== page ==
Guiding hand of Chandler ideal for rising duo

As a proud Lancastrian, the success of Yorkshire’s golfers in his stable of clients is enough to make Andrew ‘Chubby’ Chandler scowl with derision.

Danny Willett

“It’s a bloody Yorkshire invasion,” he booms when assessing the rise in prominence of the White Rose’s players.

Not that Chandler would man the fort on the Lancashire side of the Pennines to keep them out.

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For two young Yorkshiremen, Danny Willett and Matt Fitzpatrick, are at the forefront of the latest incarnation of Chandler the golf handler.

The effervescent Chandler has been shaping golf careers since the late-Eighties when he accepted that his days as a player were over. Within a decade his stable of clients had grown exponentially on the coat-tails of rising European stars Darren Clarke and Lee Westwood.

It took another 10 years for Chandler to celebrate a major win, from the unlikely source of Louis Oosthuizen, whom he had discovered from the rich seam of talent in South Africa.

But as he approached 25 years at the forefront of golf management – with Westwood and Clarke now in the twilight of their careers, and a brief spell in charge of Rory McIlroy a distant memory – the International Sports Management agency Chandler had built into the biggest of its kind in Europe, needed a reboot.

And that reboot was two-fold; firstly Sheffield’s Willett and Fitzpatrick, the Yorkshiremen at the head of the ISM regeneration.

Matt Fitzpatrick. (AP Photo/David J. Phillip)

And secondly, when two of his most trusted on-course managers left the Chandler umbrella to try to emulate his success, forcing Chandler to go back to basics.

“It’s been quite interesting really. My leading agents Stuart Cage and (Doncaster’s) Ian Garbutt both moved on to other things and it meant I had to go back out and be around the guys again,” says Chandler.

“It was almost like I was getting my old job back and I’ve really enjoyed it. When you see these young lads coming through it fills you with pride. It’s not about the money; it’s about seeing them do well.”

And he certainly saw Willett succeed last year.

The 27-year-old has grown as a golfer since switching to ISM 18 months ago. He had his best season in terms of consistency last year before starting the 2015 campaign with a victory at the Nedbank Golf Challenge in Sun City last month.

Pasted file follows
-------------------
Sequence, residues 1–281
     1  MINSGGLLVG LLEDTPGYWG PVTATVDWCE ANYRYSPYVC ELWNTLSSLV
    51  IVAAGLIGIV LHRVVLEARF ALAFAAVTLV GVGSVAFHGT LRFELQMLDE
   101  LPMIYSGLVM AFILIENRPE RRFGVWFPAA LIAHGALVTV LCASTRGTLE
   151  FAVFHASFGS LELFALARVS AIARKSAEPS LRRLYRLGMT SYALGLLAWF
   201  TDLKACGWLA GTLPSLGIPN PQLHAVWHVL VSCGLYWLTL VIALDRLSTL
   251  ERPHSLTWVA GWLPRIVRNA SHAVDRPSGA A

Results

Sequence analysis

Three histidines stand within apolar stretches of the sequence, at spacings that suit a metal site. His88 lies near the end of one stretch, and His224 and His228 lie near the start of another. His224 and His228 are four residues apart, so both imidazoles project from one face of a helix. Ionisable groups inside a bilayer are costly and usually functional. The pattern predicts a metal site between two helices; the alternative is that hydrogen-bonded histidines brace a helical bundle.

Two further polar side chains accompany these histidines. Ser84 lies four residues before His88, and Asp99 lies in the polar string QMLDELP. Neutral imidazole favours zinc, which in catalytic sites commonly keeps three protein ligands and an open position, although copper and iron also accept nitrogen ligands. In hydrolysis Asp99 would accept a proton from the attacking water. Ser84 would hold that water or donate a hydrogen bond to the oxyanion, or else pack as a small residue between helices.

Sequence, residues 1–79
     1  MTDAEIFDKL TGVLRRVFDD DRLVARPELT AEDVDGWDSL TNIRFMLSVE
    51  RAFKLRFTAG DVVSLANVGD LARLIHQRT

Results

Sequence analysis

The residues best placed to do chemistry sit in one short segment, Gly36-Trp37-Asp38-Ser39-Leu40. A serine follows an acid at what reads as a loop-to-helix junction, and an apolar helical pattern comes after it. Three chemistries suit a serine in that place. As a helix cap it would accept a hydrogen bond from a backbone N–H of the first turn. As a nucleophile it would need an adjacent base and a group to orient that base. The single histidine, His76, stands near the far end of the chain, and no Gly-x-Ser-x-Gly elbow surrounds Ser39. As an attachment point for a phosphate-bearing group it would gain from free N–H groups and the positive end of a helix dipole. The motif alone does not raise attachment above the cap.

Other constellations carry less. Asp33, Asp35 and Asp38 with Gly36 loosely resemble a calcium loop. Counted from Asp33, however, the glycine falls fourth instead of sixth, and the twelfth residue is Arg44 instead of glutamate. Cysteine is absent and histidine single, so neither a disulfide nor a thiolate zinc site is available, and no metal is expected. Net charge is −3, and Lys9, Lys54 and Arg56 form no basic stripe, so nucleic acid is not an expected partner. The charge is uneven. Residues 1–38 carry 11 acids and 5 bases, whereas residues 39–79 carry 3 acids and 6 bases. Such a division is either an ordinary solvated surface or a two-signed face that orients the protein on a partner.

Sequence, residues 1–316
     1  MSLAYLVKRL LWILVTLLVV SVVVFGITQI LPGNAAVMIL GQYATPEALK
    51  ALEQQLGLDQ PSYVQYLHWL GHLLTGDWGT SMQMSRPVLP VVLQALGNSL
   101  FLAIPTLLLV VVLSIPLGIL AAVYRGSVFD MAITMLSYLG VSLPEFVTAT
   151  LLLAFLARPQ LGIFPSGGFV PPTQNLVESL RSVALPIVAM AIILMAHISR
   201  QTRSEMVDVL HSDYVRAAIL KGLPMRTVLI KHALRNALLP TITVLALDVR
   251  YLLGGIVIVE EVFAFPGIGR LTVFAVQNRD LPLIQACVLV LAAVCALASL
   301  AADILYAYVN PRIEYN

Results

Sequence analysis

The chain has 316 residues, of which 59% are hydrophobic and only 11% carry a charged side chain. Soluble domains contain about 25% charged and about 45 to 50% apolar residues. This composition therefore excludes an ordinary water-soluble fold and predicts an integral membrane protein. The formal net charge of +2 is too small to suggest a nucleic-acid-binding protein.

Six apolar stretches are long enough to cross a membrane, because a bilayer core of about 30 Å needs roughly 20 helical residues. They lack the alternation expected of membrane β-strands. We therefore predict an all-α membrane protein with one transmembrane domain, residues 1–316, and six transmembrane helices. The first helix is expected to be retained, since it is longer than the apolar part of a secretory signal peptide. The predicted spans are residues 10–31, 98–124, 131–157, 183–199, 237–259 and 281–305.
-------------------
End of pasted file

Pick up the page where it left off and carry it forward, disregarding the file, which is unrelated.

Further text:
It was the biggest victory and pay cheque of Willett’s career and moved him to the fringes of the top 50 in the world and an eventual invite for a first Masters appearance in April.

Chandler can be credited with giving Willett not only greater opportunities to flourish but the confidence to go and win the big events. “He has the ability to be a top-10 player in the world,” Chandler told The Yorkshire Post.

The other player for whom the whole of English golf has high hopes is Fitzpatrick.

The mild-mannered young man of the Steel City was the hottest property in golf last summer after winning the unprecedented treble of US Amateur title and the leading amateur awards at the Open and US Open inside 12 months.

IMG – ISM’s equivalent across the Atlantic – were in the race to sign Fitzpatrick but the young Yorkshireman selected Chandler for his experience, proximity to home and because history shows that the big man from Bolton is not in a rush to turn golfers into money-makers.

“It might take five years, and be a slow process, but he’ll get there,” says Chandler.

“Matt’s a charming young man, works hard. When you grow, your swing changes.

“Coaches like Mike Walker and Pete Cowen will keep him on track. Matt will learn so much over the next few months and what we’ll see from him is a steady rise to the top.”

What impresses Chandler most about Fitzpatrick is his mental strength. He had the fortitude to resist chasing big paydays for the best part of a year, and when it did not go to plan straight away in the pro ranks and he had to go to the European Tour’s gruelling qualifying school in November, he had the patience and quality to prevail.

“I don’t think people realised how much pressure was on Matt’s shoulders,” says Chandler.

“For him to go to Tour School and grab the opportunity he did, and then to finish it off as strongly as he did, was fantastic.”

Chandler’s plan now is to sit back and let Fitzpatrick blossom at his own pace. “He’s lucky enough that with the US Amateur title he’ll get a few invites,” adds Chandler. “He’s got an invite to Abu Dhabi, Qatar and Malaysia in the first couple of months of 2015.

“Getting to the Race to Dubai final is a nice goal for him. If not, then inside the top 110, because he doesn’t want to be going back to Q School.”

Who’s to argue with the master handler? Simon Dyson and Richard Finch certainly would not, having trusted Chandler with their affairs for their entire professional careers.

Willett and Fitzpatrick could not be in safer hands. Even if Chandler wishes they were from his side of the Pennines.